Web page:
They are joined by the self-named Crystal Fairy (Gaby Hoffman), a flighty American who draws Jamie’s ridicule and scorn. Eventually, they obtain a cactus and indulge, a process that is supposed to bring some sort of great self-enlightenment. But not in this movie.

Not rated, 99 minutes. The DVD includes a five-minute “behind-the-scenes” featurette.


Bridegroom (2.5 stars) This heartbreaking yet often inspiring true story centers on Shane Bitney Crone after he lost his longtime partner, Tom Bridegroom, in an accident. Tom’s family disapproved of the relationship and shut off Shane from the funeral and any survivor benefits.

Shane then recorded a tribute and posted it on YouTube, where it went viral, bringing attention to his loss and the absence of partners’ rights.

Not rated, 82 minutes. The disc holds a public service announcement from GLAAD.


American Bomber (2.5 stars) This unsettling drama begins as a faux documentary, with interviews of people who have known John Hidell (Michael C. Freeland). From there, writer-director Eric Trenkamp shifts focus to the recently dishonorably discharged soldier. The disillusioned and depressed Hidell makes it to Brooklyn, always toting his ominous backpack. Swayed by some vague ideology, Hidell plans a suicide bombing.

When sidetracked by a friendly bartender (Rebekah Nelson), his eventual path veers but not before a twist ending. Trenkamp’s film is engaging, but the attempt to probe inside the mind of a suicide bomber never fully materializes.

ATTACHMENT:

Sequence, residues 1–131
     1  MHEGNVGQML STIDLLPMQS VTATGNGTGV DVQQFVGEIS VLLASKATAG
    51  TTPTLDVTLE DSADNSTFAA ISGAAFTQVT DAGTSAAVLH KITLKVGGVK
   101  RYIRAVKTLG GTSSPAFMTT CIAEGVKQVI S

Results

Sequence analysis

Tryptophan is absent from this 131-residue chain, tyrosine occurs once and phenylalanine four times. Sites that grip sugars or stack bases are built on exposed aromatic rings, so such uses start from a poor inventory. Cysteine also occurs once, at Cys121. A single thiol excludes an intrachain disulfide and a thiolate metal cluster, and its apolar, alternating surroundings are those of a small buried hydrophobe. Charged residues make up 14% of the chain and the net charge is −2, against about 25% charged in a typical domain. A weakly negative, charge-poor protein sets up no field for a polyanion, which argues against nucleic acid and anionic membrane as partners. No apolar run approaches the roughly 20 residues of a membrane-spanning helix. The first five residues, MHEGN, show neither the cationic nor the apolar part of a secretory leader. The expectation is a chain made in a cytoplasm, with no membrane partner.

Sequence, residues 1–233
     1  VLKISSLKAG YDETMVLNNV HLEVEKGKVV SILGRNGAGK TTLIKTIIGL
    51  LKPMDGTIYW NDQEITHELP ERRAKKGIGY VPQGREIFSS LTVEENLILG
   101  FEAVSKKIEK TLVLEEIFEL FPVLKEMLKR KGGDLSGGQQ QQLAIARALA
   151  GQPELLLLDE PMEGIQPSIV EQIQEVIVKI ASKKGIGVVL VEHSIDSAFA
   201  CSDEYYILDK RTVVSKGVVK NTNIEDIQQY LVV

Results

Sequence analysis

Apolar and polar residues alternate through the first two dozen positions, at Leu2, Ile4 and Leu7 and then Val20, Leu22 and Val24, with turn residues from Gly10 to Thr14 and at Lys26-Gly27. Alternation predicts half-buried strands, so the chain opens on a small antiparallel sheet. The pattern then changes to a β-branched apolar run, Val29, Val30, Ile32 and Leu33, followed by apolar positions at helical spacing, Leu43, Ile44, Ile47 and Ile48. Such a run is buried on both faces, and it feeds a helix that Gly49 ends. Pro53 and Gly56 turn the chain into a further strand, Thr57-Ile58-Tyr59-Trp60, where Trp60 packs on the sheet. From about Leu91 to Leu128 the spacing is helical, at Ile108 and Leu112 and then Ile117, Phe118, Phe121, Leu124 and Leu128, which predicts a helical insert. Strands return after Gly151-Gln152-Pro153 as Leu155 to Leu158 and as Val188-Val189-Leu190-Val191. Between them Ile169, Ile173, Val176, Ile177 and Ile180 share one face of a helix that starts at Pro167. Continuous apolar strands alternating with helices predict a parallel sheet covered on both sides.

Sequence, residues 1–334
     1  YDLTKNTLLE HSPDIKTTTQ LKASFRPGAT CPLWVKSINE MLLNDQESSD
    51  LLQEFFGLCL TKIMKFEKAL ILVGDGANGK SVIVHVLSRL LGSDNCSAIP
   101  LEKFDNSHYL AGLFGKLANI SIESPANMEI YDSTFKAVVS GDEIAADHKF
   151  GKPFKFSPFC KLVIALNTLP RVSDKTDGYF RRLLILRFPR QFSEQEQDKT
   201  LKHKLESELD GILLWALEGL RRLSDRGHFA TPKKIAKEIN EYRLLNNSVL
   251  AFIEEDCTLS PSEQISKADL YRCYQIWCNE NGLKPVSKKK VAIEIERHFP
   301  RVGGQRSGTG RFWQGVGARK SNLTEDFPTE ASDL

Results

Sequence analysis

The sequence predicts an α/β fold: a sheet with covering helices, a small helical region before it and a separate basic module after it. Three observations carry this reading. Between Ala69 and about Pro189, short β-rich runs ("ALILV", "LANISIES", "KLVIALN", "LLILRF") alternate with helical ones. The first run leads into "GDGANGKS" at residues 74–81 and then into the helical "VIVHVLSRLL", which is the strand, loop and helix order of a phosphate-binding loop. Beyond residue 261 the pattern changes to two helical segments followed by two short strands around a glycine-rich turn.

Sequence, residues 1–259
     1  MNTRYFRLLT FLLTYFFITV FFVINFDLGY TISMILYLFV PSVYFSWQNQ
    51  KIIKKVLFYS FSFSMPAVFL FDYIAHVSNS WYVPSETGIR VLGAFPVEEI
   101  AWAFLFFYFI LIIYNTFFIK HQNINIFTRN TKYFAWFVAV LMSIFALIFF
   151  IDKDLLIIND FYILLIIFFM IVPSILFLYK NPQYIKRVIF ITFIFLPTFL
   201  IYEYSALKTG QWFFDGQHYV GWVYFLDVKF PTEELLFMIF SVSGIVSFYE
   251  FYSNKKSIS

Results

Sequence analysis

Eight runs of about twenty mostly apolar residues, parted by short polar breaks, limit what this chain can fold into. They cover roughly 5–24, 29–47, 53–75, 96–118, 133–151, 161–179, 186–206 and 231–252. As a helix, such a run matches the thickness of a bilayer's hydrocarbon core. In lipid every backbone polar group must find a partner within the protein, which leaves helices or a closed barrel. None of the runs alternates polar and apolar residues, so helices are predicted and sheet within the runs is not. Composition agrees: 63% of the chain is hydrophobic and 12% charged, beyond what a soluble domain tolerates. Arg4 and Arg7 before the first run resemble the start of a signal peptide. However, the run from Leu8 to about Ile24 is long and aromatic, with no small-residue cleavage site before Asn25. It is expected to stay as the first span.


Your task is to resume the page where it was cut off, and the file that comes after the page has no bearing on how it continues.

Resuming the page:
Not rated, 90 minutes. The DVD includes commentary, a 22-minute short film that served as the basis for this movie, an 11-minute question-and-answer session with the cast and crew, three minutes of outtakes, and more.


Casting Me … (2.5 stars) This no-budget South African comedy has its moments with its cast of pretentious young slackers and lovable misfits. But writer-director Quinton Lavery cannot quite sustain his story about Paul (Paul Snodgrass), a casting director setting out to make his own film.

Paul keeps running into his ex-girlfriend Chloe (Roxanne Prentice) as well as other friends and roommates too close to trust or discipline. His project understandably veers off course.

Not rated, 97 minutes. The DVD includes commentary, teasers, diaries, a 12-minute “making of” featurette and more.


George Washington Slept Here (3 stars) and The Horn Blows at Midnight (3 stars) After starring in vaudeville, radio and onstage, Jack Benny eventually made it to movies. But his deadpan movie comedies never gained the success he found elsewhere, a triumph he also achieved later on television.